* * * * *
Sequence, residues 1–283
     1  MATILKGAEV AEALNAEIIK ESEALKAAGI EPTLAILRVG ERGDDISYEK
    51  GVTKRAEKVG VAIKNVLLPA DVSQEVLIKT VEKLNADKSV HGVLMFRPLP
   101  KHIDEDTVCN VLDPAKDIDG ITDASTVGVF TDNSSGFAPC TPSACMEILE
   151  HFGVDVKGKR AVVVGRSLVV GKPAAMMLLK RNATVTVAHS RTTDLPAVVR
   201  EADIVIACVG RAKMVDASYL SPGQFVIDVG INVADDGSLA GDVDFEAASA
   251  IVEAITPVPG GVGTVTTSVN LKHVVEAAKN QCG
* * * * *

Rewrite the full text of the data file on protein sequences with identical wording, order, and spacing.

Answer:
Sequence, residues 1–283
     1  MATILKGAEV AEALNAEIIK ESEALKAAGI EPTLAILRVG ERGDDISYEK
    51  GVTKRAEKVG VAIKNVLLPA DVSQEVLIKT VEKLNADKSV HGVLMFRPLP
   101  KHIDEDTVCN VLDPAKDIDG ITDASTVGVF TDNSSGFAPC TPSACMEILE
   151  HFGVDVKGKR AVVVGRSLVV GKPAAMMLLK RNATVTVAHS RTTDLPAVVR
   201  EADIVIACVG RAKMVDASYL SPGQFVIDVG INVADDGSLA GDVDFEAASA
   251  IVEAITPVPG GVGTVTTSVN LKHVVEAAKN QCG